Minister of State for Antiquities Ahmed Eissa said on Thursday that there is a need to address the problems near the Giza Pyramids with transparency and honesty.
Eissa’s comments came during a discussion attended by Giza Governor Aly Abdel-Rahman as well as security and tourism officials.
He announced the formation of a committee with representatives from the ministries of state for antiquities, interior, tourism as well as representatives of civil society organisations and the Giza governorate.
“When someone says that there is an encroachment on the pyramids or that there is a problem in the area nearby, then the whole country is in very bad condition. This means that tourists will not be able to come or will not agree to come,” Eissa said.
He added that there are problems in the Antiquities Ministry, however, he said, the largest problem relates to the people in the area surrounding the pyramids.
The situation near the Giza Pyramids came to head in late May when the US embassy in Egypt issued a message telling American citizens to “elevate their situational awareness when traveling to the Pyramids, avoid any late evening or night travel, utilise a recommended or trusted guide, and closely guard valuables.”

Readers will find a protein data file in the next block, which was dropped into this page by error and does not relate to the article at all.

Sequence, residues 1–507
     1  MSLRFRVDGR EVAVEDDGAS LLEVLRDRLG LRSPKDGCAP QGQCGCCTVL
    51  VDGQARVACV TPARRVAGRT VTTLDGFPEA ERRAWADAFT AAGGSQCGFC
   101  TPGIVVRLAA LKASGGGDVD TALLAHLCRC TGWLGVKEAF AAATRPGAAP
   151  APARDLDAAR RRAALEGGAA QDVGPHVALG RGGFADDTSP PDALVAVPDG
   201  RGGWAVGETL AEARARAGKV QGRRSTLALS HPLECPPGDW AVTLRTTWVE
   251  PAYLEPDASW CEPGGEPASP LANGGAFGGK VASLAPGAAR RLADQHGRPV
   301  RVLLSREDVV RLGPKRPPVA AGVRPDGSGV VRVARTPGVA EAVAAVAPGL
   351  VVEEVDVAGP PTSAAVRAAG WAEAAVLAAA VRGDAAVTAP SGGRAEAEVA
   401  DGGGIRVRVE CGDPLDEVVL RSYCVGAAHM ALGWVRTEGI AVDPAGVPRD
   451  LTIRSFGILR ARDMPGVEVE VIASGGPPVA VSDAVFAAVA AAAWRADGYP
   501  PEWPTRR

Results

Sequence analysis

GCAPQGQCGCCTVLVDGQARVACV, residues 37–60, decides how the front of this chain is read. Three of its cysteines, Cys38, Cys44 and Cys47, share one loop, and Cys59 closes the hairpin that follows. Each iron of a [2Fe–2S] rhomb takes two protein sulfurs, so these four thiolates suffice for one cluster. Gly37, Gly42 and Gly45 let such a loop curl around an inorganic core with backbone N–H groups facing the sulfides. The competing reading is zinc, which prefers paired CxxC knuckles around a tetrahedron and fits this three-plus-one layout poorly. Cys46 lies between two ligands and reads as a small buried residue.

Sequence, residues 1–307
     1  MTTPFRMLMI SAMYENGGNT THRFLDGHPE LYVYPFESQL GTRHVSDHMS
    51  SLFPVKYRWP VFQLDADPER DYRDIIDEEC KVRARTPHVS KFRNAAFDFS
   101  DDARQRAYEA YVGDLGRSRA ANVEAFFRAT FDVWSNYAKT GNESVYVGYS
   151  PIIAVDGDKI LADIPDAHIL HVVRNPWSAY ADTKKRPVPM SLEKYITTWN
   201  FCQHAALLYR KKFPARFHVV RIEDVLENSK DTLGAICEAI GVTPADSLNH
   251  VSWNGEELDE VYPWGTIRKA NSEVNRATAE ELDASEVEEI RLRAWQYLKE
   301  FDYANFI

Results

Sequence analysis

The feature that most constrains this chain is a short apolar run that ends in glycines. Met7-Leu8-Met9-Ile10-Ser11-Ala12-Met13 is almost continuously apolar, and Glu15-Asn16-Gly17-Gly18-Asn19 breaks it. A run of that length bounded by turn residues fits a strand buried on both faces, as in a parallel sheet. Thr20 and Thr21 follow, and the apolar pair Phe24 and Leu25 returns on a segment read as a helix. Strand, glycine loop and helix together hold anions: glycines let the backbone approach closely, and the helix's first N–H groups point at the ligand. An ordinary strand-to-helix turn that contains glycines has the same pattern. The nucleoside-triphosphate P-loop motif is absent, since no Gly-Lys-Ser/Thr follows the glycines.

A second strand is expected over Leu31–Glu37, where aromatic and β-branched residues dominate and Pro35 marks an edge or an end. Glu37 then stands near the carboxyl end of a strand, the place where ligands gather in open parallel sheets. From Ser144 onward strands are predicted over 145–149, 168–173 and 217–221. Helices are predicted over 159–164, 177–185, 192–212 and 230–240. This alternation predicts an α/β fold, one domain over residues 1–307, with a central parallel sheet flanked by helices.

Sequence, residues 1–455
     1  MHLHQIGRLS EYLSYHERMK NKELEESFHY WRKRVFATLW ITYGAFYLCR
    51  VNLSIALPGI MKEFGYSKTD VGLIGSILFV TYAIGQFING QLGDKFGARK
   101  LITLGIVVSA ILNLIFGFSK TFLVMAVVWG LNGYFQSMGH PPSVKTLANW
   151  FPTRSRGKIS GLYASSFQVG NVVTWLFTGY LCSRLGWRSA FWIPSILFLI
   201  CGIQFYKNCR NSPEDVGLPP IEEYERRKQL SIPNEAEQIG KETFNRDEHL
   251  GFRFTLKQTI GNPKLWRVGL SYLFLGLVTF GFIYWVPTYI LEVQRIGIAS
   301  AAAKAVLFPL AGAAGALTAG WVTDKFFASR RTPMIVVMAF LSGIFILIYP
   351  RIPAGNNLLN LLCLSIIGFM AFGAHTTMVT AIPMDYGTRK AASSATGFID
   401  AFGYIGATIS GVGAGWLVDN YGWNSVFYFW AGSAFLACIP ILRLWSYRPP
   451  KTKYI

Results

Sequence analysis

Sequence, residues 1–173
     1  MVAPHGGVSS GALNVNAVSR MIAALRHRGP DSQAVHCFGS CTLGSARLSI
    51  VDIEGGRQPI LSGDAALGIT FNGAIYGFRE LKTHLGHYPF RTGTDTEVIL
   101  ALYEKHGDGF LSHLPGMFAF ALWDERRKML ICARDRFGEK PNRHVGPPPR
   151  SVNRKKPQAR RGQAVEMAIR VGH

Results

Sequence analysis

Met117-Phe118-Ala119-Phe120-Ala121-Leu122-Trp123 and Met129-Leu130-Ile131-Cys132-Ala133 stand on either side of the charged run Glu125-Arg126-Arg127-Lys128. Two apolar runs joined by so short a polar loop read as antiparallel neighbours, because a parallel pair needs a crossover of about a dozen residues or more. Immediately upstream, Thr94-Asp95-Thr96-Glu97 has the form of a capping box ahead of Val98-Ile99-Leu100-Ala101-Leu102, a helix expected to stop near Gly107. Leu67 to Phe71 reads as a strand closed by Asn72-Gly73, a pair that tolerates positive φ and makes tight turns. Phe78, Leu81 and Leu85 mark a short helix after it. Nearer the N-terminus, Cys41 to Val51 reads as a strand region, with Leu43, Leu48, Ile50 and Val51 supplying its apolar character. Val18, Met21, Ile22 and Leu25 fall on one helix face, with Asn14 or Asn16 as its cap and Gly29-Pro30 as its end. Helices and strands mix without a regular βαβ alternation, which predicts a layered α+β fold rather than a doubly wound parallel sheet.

The embassy said there have been increasing incidents of aggressive vendors and people pounding on vehicles, frightening tourists.
“A common theme from many of these reports is the lack of visible security or police in the vicinity of the Pyramids,” the embassy message read.
In response to the US Embassy announcement, Eissa said the warning is baseless and Egyptian authorities have not received any complaints of harassments taking place near the pyramids.
The antiquities minister called on tourists and guides to approach security in the area if they face any form of harassment.
State-run Al-Ahram reported that Eissa warned on Thursday that if things continue to run in this manner, he will close off the area to visitors.